Tropical Storm Emily officially formed on the evening of August 1, 2011 after a reconnaissance airplane had detected maximum sustained winds of at least 39 mph at the surface. The National Hurricane Center had a 70%-near 100% area of tropical cyclone formation for about 3 or 4 days prior to the reconnaissance flight.
Models, as well as forecasters, have been having a little bit of trouble trying to figure out Emily’s path and intesity over the past few days. According to earlier (4 or 5 days ago) forecast model runs, Emily should be a hurricane, by now, and moving in a northwestern direction, not a tropical storm moving directly west, as is the case right now. There are a few reasons why this storm has been so hard to forecast.
The first reason is shear (winds with height). Strong shear weakens tropical systems and makes it difficult for them to organize. Some models can’t really pick up on shear intensity very well, especially on a mesoscale point of view. There has been some shear feeding into Emily from the south and southwestern side. This is why most of Emily’s storm convection is located on its northern and eastern side.
Another reason why Tropical Storm Emily is only a tropical storm, instead of a hurricane has to do with sea surface temperature (SST). SST usually determines how much potential energy the storm can feed off of. The warmer the water, the more energy the storms can potentially have, essentially. Taking a look at SST, below, you can see that although Emily is in warm waters, the warmest waters are north, northwest, and southeast of Emily’s current location.
As far as the forecast track is concerned, there are a couple of issues with determining Emily’s track, but there is one main cause that determines its path. Surface high pressure in the north-central Atlantic Ocean, commonly known as the Bermuda High, will affect where Emily goes. Once again, models are having trouble determining its current position and its forecast position in the future. Taking a look at past, present, and future position of this high pressure, it would be helpful in explaining what I’m trying to say. Below, are 3 images. The first two images show a split screen shot of 500mb data on the left and surface analysis on the right. The Bermuda High will be located on the right side of the images. I circled the Bermuda High in yellow and drew the flow around the high with yellow arrows as best I could. The flow around a surface high is clockwise. Please make sure to click on each image for a better view.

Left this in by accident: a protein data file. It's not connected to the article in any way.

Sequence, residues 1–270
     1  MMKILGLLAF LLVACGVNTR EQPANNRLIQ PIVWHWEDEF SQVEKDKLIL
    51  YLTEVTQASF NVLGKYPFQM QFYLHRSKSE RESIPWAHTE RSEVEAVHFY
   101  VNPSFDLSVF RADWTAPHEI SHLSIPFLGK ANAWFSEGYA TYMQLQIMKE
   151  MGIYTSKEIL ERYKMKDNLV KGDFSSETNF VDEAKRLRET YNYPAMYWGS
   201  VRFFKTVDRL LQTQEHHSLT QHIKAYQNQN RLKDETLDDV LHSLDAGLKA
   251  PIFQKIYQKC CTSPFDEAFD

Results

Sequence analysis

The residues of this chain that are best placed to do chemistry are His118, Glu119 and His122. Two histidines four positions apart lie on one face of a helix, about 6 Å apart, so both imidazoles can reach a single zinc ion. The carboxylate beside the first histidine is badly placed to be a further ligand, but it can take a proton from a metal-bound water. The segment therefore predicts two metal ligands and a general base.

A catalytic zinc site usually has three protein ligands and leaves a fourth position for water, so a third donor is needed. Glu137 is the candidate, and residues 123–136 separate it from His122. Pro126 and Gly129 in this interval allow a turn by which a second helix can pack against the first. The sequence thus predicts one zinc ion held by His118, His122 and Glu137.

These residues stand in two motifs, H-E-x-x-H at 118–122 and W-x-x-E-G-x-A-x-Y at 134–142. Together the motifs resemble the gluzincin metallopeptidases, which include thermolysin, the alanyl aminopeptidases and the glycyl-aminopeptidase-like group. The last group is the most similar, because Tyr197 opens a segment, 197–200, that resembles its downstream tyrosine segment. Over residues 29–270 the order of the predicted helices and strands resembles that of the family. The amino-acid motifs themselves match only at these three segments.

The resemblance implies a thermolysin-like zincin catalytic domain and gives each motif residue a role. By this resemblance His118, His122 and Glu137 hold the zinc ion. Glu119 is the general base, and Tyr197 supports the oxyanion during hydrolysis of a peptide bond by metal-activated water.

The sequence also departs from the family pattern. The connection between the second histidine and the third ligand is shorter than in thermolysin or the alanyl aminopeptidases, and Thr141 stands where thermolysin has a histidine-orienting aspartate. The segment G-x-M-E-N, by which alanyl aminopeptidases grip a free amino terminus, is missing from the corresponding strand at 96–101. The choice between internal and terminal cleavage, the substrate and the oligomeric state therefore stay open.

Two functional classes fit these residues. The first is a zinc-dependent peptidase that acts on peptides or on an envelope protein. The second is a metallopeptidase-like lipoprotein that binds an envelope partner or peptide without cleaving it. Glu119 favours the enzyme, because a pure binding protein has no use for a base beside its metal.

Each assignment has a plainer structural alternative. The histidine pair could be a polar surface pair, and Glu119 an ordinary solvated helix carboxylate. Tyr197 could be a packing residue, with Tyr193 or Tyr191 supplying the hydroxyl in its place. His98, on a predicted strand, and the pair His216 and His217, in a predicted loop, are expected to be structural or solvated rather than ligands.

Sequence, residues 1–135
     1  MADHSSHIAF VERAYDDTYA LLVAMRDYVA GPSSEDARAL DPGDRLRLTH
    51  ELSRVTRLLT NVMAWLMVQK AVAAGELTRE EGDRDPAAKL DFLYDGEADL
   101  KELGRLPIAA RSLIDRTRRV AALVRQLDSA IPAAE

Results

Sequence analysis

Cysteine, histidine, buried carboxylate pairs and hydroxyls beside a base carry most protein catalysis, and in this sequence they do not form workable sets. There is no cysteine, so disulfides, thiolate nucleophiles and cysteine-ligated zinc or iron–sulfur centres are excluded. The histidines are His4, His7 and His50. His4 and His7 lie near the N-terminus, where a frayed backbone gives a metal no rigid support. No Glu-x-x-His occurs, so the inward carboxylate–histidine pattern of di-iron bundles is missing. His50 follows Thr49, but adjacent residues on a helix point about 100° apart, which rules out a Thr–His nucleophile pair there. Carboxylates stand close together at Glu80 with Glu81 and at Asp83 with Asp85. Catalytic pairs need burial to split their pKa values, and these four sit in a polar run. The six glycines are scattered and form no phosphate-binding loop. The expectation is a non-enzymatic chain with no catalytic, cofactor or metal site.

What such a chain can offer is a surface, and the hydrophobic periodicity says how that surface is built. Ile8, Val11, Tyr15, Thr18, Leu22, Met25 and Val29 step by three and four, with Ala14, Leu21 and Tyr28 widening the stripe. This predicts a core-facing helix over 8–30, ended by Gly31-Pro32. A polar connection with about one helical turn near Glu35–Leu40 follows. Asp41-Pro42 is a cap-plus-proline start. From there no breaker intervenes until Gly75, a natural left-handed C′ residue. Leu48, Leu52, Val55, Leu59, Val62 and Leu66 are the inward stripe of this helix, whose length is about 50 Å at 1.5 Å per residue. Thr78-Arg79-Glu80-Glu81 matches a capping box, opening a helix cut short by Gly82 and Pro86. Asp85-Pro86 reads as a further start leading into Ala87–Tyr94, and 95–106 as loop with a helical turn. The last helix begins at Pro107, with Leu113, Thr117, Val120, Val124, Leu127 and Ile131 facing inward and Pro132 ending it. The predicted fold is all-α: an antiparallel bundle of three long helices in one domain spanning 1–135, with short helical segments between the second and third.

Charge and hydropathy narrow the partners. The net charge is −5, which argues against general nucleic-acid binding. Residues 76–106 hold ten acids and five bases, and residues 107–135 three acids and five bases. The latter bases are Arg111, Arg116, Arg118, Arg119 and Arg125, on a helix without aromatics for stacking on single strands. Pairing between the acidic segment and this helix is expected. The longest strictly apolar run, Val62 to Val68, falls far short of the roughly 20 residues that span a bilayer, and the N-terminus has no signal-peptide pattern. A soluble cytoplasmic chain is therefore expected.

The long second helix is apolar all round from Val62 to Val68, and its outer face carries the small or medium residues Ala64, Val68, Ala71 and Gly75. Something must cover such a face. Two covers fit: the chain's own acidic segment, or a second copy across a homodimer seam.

Past (12Z 8/1/2011):
Current (00Z 8/4/2011):
Just looking at two and half days ago to the present, you can see that the Bermuda High has shifted east a little bit, and thus the flow around the high has moved. It looks like this small shift will allow Emily to finally start moving northwestward fairly soon. The shift comes about 2 or 3 days late to what forecast models predicted.
Future (ECMWF 12Z 8/6/2011)
The ECMWF shows Emily turning northwest around the flow of the Bermuda High. Once Emily gets far enough north, it will get caught up in the jet stream coming out of the northeastern part of the U.S. and mostly likely will transform into an extratropical storm, where it will no long be a tropical cyclone threat to the United States. We will have to wait and see what happens.
As of right now, Emily is forecast to side-swipe the eastern coast, including Florida. However, I would not be surprised if Florida does get hit directly, because of the poor forecasting that the models have done over the past few days. With Emily coming in contact with land (Haiti, Hispaniola, Cuba, etc) , I don’t believe it will become a hurricane anytime soon. Once (or if) it gets back into open water, then there is a greater possibility that it may become a Category 1 hurricane. Therefore, Florida would only have to deal with a strong tropical depression or a weak to moderate tropical storm, worst case scenario.
National Hurricane Center’s Forecast Track: